The advantages of digital over analog controls are many. Unlike analog controls, DALI-based systems operate with two-way communication-receiving informa-tion as well as sending it-and therefore, they are able to accept error feedback and lamp and ballast operating informa-tion. Furthermore, DALI systems enable programmability of ballasts, disturbance-free transmission, a logarithmic dimming curve based on brightness perception, and insensitivity to polarity (that is, the ability to switch the two low-voltage DALI wires going into the ballast). DALI systems facilitate exact dimming levels for all ballasts regardless of manufacturer, and can handle up to 64 addresses per controller and 16 groups and scenes per busmaster. Ballasts are approved for Class I and Class II wiring installations. Low-voltage control wires can share the same conduit as power wiring without interference. The control of lighting fixtures is independent of power circuit wiring, thus simplifying electrical design, reducing wiring complexity and lowering costs. DALI commands can be sent at three communication control levels (broadcast, group and address), and pro-grammability includes groups, scenes, maximum and minimum light levels, fade times, and emergency light levels. Other advantages include time-of-day schedules, status reporting and feedback on activity levels, and energy monitoring.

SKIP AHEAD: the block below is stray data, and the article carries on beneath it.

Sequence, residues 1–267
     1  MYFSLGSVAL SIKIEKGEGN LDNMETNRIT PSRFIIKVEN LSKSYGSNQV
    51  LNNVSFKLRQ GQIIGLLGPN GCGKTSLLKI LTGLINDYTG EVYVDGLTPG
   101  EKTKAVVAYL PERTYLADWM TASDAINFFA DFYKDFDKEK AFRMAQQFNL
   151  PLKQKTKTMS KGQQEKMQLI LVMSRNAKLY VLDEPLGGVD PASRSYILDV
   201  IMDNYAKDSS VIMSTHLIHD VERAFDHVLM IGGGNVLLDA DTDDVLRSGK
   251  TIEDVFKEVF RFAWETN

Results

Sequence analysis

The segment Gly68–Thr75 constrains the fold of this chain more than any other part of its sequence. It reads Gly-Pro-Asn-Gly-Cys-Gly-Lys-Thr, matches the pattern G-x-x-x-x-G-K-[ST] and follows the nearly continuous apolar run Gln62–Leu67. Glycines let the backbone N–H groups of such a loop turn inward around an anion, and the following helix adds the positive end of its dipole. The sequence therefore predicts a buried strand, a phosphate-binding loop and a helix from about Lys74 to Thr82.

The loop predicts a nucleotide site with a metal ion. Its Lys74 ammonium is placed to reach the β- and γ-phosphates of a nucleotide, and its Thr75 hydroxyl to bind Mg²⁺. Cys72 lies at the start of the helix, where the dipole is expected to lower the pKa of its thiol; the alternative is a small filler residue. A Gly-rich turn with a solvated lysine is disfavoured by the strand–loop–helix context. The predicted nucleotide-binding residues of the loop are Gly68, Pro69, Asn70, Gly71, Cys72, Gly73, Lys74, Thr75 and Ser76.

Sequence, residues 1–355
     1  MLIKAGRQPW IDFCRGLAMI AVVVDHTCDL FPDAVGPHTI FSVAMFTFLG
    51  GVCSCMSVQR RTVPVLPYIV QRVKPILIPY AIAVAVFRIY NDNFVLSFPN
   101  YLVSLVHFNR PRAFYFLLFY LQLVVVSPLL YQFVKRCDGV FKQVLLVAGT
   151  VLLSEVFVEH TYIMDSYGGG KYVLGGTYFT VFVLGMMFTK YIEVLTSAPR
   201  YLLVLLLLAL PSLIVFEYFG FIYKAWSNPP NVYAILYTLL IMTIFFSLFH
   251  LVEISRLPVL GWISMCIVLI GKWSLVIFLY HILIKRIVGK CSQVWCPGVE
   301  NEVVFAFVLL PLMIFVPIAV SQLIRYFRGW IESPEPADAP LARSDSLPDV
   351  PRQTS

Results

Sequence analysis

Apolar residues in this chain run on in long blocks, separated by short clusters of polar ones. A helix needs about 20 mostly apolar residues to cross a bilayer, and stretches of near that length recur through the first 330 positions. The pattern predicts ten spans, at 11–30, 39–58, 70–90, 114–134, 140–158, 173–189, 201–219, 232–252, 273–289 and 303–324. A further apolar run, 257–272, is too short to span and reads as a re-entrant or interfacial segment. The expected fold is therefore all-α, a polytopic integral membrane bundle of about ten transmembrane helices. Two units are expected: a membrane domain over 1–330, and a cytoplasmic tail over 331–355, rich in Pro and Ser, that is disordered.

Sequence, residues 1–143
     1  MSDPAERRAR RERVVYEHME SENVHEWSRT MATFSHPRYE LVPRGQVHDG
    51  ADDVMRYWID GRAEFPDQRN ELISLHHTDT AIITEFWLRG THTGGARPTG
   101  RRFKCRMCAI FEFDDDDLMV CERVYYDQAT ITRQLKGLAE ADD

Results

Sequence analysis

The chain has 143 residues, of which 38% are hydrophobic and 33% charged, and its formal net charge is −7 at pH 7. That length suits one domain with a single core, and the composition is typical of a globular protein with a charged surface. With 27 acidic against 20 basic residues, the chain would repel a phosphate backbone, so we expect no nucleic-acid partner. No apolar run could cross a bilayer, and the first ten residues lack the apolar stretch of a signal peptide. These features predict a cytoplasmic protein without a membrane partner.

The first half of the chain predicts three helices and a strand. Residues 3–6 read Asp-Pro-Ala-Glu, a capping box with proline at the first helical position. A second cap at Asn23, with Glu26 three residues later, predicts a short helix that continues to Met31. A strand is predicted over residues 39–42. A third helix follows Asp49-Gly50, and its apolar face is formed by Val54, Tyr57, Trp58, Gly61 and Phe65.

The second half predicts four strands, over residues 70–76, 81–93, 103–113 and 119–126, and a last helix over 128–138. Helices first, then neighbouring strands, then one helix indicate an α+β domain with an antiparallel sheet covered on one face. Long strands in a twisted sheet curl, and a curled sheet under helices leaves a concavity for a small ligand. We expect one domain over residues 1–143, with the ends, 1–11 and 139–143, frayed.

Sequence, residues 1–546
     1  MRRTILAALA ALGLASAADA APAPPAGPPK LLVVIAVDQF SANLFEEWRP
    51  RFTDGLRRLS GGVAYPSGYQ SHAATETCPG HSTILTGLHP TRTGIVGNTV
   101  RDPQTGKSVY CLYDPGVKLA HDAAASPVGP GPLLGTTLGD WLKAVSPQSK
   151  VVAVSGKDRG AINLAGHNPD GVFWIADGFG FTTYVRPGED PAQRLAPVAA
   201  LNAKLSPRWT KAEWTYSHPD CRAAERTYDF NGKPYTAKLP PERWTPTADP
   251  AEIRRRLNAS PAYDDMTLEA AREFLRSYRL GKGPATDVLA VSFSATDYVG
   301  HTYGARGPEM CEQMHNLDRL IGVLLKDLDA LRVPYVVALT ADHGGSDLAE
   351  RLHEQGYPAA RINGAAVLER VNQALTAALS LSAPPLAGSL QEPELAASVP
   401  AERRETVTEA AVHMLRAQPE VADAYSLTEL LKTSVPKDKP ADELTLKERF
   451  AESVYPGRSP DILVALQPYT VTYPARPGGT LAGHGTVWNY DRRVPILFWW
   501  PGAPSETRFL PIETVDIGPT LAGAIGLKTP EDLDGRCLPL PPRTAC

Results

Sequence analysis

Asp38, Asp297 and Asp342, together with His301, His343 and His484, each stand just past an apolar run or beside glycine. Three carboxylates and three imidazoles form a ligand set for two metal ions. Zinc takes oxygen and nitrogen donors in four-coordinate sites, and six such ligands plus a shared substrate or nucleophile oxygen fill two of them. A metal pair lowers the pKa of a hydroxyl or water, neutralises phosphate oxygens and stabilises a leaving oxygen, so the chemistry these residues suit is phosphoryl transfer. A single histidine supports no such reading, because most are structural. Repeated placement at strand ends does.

A cost comparison for Penn State's lighting laboratory with 90 fluorescent lights controlled by a conventional 0–10V DC system versus a DALI system shows that the cost of the latter is about 64 percent of the former. While conventional dimming ballasts are approximately 20 percent cheaper, the cost for the software, the PC interface, control panels, and the enclosure is much higher. In addition, the DALI solution requires 6 circuits versus the other solution's 90 circuits.